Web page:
Then, as now, earthquakes were pretty common in the Caribbean, and assuming that one had caused the loss of the Memphis and heavy damage to the Castine would have been reasonable in the immediate wake of the incident.  Nevertheless, the court of inquiry considered this as only one in a range of possible sources for the devastating waves, including tropical storms.  A report on a devastating 1918 earthquake and tsunami in Puerto Rico given by the United States Earthquake Investigation Commission to the House of Representatives in 1919 divulged that monitors in Puerto Rico recorded earthquakes originating in the vicinity of Santo Domingo on April 24 and November 29, 1916, but none during August.  Moreover, seismic monitors in Puerto Rico recorded nothing across the Caribbean between August 11 and October 2 of that year.

Despite sources that continue to suggest that an earthquake caused the waves that destroyed the Memphis, the past is not set in stone, and researchers have come forward since that time to make a persuasive case that the confluence of two passing hurricanes created a series of rogue waves that battered the southern coastline of Hispaniola and doomed USS Memphis. House Resolution 306, passed on June 15, 2015 in preparation for the centennial of the ship's loss, listed its cause as "a highly unusual 75-foot wave event that threw the ship upon the shore of Santo Domingo, resulting in its total destruction…"

Aside from the tragedy itself, which most accounts cast as a 90-minute catastrophe emerging literally from out of the blue, why were the Memphis and Castine at Santo Domingo on that fateful afternoon to begin with? As it turns out, they were ordered to Santo Domingo on a mission deeply intertwined in a man-made political storm a decade in the making.  With a lead time stretching over months, if not years, the destructive waves of armed conflict breaking out across the Dominican Republic during the summer of 1916 were nearly as unanticipated as the massive waves that broke upon the country’s southern shore the afternoon of August 29.


The public jubilation over the short, successful Spanish-American War in 1898 had by 1902 muted considerably, particularly in the wake of the Philippine insurrection against American rule. As a result, an anti-imperialist coalition in Congress virtually ensured that President Theodore Roosevelt would never secure sufficient support for the establishment of more “protectorates” such as Cuba and Panama, which were bound by treaty obligations to be protected by the United States from internal and external threats. Nevertheless, European powers were threatening to mount punitive expeditions against other countries in close proximity to America that had defaulted on loans.

The Venezuelan Crisis of 1902-03, during which British and German warships blockaded the country, resulting in a showdown with the American fleet, prompted Roosevelt to establish his Corollary to the Monroe Doctrine, which dictated that the United States would act as an “international police power” in the event that European powers once again threatened military intervention to extract concessions over outstanding debt.  Seeking to preserve American hegemony over the hemisphere, Roosevelt undertook a novel approach that would accomplish his political objectives without running afoul of the Congress. The Dominican Republic became the Roosevelt Administration’s first big test case.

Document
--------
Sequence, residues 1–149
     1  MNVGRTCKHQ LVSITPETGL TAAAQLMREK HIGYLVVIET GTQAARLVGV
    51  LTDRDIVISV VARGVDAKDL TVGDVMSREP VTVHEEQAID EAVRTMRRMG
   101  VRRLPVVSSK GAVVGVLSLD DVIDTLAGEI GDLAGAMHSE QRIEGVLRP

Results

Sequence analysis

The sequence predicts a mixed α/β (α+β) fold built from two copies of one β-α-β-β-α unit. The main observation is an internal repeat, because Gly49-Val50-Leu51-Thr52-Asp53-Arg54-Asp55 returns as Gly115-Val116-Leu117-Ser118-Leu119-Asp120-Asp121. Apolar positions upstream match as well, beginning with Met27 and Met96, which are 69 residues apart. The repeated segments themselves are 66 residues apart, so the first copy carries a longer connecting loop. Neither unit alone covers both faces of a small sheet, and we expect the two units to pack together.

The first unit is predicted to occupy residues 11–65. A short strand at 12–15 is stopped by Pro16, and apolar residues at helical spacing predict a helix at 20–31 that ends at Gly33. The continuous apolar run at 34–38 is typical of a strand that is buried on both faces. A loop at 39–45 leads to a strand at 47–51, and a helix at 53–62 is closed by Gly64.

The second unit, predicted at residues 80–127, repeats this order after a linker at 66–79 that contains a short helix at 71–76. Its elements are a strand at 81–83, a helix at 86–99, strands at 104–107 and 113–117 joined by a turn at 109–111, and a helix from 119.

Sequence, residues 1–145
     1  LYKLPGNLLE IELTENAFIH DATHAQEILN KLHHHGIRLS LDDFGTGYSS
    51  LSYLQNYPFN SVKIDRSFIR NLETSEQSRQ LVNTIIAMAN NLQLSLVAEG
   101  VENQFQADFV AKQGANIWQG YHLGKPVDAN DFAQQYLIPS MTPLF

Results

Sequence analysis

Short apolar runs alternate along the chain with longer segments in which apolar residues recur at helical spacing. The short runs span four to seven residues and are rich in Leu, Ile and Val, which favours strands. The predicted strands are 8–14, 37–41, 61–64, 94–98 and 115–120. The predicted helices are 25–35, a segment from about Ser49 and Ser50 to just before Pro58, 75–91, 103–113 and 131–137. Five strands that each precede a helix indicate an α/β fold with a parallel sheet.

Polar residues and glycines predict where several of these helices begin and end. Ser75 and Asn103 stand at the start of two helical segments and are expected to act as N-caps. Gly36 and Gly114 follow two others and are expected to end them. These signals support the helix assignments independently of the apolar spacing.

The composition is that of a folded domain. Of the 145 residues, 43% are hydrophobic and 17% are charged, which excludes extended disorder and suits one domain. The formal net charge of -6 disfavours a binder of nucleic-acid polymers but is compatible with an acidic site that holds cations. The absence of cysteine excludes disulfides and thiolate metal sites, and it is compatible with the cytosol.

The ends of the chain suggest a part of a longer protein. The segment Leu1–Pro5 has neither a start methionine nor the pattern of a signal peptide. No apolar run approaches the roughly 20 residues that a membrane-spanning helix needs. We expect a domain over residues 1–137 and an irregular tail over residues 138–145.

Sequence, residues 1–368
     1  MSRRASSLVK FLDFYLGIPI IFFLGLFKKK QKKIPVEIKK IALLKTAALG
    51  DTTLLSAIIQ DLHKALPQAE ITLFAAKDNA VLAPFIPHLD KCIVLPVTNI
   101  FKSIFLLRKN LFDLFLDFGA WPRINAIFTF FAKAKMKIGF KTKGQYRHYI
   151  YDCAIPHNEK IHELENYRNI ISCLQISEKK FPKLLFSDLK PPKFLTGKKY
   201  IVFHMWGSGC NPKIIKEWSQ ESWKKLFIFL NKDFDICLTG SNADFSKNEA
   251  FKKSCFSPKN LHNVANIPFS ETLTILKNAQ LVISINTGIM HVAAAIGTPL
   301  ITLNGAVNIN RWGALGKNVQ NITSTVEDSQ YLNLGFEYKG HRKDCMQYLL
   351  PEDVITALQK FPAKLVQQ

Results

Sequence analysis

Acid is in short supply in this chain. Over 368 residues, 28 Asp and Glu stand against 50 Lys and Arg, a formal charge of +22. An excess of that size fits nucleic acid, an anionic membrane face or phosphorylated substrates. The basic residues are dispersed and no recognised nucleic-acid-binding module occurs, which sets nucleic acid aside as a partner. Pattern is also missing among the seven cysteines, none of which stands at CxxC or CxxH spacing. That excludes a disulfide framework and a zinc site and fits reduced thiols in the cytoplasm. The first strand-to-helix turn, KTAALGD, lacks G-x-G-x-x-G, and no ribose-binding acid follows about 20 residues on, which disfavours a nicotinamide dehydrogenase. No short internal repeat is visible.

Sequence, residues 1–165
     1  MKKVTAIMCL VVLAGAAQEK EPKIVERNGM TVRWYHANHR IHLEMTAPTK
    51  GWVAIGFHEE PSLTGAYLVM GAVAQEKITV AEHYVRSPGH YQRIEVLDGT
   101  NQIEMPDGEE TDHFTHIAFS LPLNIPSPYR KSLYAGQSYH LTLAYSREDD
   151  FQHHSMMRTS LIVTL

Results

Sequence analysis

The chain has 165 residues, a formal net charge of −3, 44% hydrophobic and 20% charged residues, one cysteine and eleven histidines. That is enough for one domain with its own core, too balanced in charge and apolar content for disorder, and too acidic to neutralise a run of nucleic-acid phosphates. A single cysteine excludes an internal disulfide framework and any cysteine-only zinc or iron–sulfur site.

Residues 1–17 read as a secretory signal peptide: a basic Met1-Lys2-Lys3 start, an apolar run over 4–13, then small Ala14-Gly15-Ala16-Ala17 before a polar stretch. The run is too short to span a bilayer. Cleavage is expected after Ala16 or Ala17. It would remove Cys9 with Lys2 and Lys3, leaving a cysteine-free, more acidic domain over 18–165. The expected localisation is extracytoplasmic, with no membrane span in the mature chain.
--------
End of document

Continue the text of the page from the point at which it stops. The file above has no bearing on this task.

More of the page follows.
In her book Financial Missionaries to the World (2003), Emily S. Rosenberg wrote, “The Dominican model became the first major effort to forge the kind of partnership that would continue to be at the heart of dollar diplomacy: a triangular relationship among financial advisors wishing to practice their new profession of fiscal rehabilitation of foreign countries; investment bankers seeking higher interest rates in foreign markets; and activist governmental officials eager to assert international influence.”

From 1904 to 1907, diplomats worked with bankers and financial advisors, mainly bureaucrats with experience in colonial administration, to forge an agreement of administrative supervision over the Dominican economy, primarily through control over customs collection, in exchange for American loans. Although the rationale for such an arrangement was explicitly nonmilitary in nature, Commander Albert C. Dillingham (who as a rear admiral would take on the task of establishing Naval Station Norfolk in 1917) also served as a prominent liaison between Secretary of State John Hay and the Dominican government as an agreement began to take shape.

Despite objections from senators who chafed at President Roosevelt’s unilateral declaration of a “fiscal protectorate” in the Dominican Republic, the Roosevelt and Taft administrations declared victory and plunged headlong into establishing similar contractual arrangements with Nicaragua, Haiti, and Liberia.  American investment banks, with the support of the American government, were dealing with bankrupt nations the way they had once dealt with failing businesses.  The shortcomings of this approach, however, invariably committed the U.S. Military to stabilizing the situation, sooner or later.